Perhaps less obvious is the ongoing divide between forestry and farming. This must be addressed, not just by facilitating knowledge exchange but by supporting change in culture and way of life. The main barrier to large scale tree planting by farmers is cultural – farmers want to be farmers not foresters. We need to support change and reduce the perception that not farming is failing. Part of this is tied up in concerns about food security that could be addressed with a better approach to land use. Agriculture and forestry are so often seen in competition – there is too much divide between the sectors. We as a sector need to challenge these perceptions and engage more with farmers, perhaps offering a free visit or advice for every farm. This is a genuine opportunity to make links with wider land use community and get forestry into the mind-set of other sectors. It would also help to identify individuals who have successfully integrated forestry into their farming enterprises, as in Scotland, and push for culture change across government agencies.
We also need to promote the environmental and other benefits of using home-grown (biosecure) timber and wood products. Government needs to help on procurement policy to stimulate demand-side pull. Timber-framed housing still remains the exception rather than the rule in England, in spite of its clear advantages for embedded and operational carbon.
There is a huge amount of evidence and expertise to tap into – another example is the 20 year review of the South West Forest Scheme. We need to make sure the learning happens and policy is based on a sound evidence base, drawing heavily on Forest Research and having regard to the science and innovation strategy for forestry in Great Britain. We then need quantified commitments and a system of monitoring and reporting based on the evidence to measure its success. The Institute can be a source of expertise and exemplars of what success looks like.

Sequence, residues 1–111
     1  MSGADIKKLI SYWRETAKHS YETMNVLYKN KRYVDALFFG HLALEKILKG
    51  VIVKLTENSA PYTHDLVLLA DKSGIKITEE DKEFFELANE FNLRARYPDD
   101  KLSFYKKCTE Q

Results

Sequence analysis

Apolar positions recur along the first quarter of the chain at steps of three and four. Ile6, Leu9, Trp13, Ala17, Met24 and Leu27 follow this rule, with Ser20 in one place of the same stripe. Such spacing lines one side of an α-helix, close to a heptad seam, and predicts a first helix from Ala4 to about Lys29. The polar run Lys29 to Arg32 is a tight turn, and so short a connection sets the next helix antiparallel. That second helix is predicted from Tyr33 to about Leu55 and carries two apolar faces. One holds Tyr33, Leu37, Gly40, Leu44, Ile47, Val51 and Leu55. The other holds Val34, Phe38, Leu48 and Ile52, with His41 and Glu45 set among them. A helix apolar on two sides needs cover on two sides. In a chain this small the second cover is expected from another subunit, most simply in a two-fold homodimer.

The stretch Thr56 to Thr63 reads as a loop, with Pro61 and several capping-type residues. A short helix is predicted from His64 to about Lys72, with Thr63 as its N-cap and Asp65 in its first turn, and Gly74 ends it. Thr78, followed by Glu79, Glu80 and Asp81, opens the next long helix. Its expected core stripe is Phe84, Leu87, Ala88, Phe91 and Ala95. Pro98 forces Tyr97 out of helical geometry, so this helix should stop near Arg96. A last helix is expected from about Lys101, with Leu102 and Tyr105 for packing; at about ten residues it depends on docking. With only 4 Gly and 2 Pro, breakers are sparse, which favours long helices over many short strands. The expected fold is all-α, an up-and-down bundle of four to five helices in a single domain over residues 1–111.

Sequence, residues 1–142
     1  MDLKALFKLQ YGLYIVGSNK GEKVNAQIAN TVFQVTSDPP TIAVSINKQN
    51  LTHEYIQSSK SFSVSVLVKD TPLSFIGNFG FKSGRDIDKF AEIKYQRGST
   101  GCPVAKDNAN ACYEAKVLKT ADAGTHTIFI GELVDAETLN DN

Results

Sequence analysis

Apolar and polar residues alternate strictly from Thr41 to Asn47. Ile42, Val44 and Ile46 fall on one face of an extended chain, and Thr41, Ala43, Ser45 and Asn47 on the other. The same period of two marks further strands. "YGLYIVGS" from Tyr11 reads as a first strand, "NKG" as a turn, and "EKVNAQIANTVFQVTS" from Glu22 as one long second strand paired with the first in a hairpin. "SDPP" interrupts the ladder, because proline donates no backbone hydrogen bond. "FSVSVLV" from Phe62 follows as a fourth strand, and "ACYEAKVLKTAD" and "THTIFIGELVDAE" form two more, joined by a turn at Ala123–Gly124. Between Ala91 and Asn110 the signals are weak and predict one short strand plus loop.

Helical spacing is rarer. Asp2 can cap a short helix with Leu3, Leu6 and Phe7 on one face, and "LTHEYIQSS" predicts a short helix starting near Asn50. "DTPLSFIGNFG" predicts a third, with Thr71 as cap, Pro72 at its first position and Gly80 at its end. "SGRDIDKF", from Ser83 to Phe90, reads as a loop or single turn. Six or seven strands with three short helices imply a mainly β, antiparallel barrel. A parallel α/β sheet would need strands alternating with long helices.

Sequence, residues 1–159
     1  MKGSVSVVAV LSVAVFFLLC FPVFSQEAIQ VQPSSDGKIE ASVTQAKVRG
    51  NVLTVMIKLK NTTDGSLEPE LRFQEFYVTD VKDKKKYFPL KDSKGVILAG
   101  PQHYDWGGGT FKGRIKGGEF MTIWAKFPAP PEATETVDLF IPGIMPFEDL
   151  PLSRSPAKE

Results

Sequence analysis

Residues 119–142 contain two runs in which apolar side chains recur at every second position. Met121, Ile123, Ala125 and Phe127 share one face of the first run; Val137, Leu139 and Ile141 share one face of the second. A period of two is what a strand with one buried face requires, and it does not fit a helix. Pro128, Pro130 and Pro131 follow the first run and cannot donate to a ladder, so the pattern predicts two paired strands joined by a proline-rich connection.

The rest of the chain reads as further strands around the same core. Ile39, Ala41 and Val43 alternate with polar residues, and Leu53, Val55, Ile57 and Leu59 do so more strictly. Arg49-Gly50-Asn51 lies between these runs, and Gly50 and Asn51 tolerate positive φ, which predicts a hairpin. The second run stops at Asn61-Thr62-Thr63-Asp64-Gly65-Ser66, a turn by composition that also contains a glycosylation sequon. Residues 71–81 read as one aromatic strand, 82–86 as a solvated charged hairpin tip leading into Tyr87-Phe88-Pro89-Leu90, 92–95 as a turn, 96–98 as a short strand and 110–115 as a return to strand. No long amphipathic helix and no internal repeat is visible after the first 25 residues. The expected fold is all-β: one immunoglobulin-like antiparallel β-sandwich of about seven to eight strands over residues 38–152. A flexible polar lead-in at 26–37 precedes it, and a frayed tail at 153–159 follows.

5) In relation to increasing forestry coverage in England, what should the Government be trying to achieve? For example, how should the following policy objectives be prioritised?
- Mitigating or adapting to climate change;
- Promoting biodiversity and nature recovery;
- Increasing biosecurity and plant health;
- Improving human well-being and health;
- Protecting natural and cultural heritage;
- Food security;
- Creating commercial opportunities from forestry, tourism and recreation; and
- Any other priorities?
The England Tree Strategy consultation questions arguably forced these distinctions too much. All these priorities can be met with the right interventions because they are all interlinked. Of course we need to set objectives and develop a plan for achieving them, but spending too long weighing up the relative value of the multiple goals risks delay and inertia.
6) Are the right policies and funding in place to appropriately protect and manage existing woodlands in England? How will prospective changes to policy and legislation effect this?
As above, to protect and manage existing woodland, we need to make it pay. But most importantly of all we need to embed the UK Forestry Standard across all policy interventions involving trees. It is the authoritative, common standard and a huge asset for the sector.
Any land management proposals that involve deforestation without replanting of new woodland in the locality should be rejected unless there are compelling reasons to go ahead. Climate change is the biggest crisis facing the natural environment, we must mitigate against losses. Targets are just numbers, we must also assign value to trees in policy and public understanding. For example we could consider making it a legal requirement for all local authorities to have tree strategies embedded in local plans or place requirements on developers to manage trees properly.
The nature and scale of policy changes even just from EU Exit are unprecedented – biosecurity, labour market, trade deals, land use policy, etc. It will be ever more important to keep collaborating and working internationally, as the Institute is doing.
We are pleased to be working productively with DEFRA to support them in meeting these significant challenges. We urge colleagues across government to continue to engage with us and we offer to convene members from across the sector to gather expertise and evidence.